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NASA Says Artemis I Test Objectives Assure Future Astronaut Safety

Risk mitigation measures

NASA Says Artemis I Test Objectives Assure Future Astronaut Safety

The National Aeronautics and Space Administration will put the Orion spacecraft and related systems through extreme tests as part of the Artemis I mission, a planned uncrewed test flight for the broader lunar program. Insights gleaned from these tests are expected to inform engineers as they prepare for subsequent manned Artemis missions, NASA said Friday.

In a statement, the space agency said that Orion’s heat shields top the list of systems that will be tested during the Artemis Program’s maiden flight. It was explained that engineers want to know how the heat shields will stand up to lunar return velocities.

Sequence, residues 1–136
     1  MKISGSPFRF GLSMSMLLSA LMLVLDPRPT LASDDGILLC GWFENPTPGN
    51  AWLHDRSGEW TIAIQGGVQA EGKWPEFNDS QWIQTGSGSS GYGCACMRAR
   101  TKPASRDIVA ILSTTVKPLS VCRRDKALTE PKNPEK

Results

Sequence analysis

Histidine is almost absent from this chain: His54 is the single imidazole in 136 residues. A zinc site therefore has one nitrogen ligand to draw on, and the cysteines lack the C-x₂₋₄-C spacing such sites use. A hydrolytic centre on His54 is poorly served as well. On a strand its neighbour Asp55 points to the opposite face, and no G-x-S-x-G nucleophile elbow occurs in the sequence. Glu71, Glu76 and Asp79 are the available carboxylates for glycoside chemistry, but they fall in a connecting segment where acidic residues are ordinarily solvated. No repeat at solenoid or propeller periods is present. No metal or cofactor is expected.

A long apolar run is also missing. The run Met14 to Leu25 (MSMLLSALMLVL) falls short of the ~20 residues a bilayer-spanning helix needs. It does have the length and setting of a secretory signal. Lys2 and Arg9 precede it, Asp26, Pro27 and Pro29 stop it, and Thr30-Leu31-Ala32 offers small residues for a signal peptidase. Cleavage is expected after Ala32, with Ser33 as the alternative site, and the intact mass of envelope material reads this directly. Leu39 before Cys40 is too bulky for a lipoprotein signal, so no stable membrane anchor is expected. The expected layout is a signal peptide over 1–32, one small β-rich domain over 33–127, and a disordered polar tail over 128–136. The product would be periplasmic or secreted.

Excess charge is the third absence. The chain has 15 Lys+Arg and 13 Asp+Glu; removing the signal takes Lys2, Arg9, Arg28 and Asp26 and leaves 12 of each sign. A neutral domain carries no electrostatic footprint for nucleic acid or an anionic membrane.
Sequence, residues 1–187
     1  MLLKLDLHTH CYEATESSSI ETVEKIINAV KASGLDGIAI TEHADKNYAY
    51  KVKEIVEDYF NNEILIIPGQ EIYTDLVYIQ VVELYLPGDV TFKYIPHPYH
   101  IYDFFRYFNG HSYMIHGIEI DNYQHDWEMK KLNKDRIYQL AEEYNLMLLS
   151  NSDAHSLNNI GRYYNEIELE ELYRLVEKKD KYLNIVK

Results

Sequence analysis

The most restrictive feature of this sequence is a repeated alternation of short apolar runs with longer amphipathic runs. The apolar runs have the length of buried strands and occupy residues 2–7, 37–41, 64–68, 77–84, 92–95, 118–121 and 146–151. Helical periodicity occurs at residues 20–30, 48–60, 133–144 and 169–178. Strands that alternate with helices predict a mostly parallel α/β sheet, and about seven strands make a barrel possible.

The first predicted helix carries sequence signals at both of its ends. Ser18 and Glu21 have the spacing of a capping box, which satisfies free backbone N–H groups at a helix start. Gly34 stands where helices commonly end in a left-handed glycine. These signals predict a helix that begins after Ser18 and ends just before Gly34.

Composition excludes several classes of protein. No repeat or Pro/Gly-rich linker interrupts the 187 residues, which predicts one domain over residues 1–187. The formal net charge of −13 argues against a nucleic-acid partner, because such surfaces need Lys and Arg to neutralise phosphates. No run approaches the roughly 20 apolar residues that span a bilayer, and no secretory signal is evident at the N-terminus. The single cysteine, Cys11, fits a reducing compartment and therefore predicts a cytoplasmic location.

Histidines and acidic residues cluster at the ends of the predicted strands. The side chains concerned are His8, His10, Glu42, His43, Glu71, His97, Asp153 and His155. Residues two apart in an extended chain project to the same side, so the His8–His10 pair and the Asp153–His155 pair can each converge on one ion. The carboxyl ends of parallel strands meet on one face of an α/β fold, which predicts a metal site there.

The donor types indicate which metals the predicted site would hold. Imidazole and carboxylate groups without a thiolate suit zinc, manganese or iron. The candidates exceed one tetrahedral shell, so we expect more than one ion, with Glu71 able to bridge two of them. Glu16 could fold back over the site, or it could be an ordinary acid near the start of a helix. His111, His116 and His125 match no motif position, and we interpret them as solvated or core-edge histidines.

NASA said it wants to find out how all operations and facilities work together during all mission phases. Much of these insights will be obtained through the successful retrieval of the empty crew module for post-flight analysis.

NASA emphasized that its Artemis I test objectives are intended to help reduce the risk for missions with people onboard and provide extra data for engineers to assess trends in spacecraft performance or improve confidence in Orion’s capabilities.

Artemis I represents the first integrated flight of the Space Launch System rocket, Orion spacecraft, and the exploration ground systems at NASA’s spaceport in Florida.

On NASA’s website, it was explained that the primary goal of the mission is to assure a safe crew module entry, descent, splashdown and recovery. In addition to sending Orion on its journey around the moon, the SLS will carry 10 small satellites that will perform their own science and technology investigations. 

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Category: Space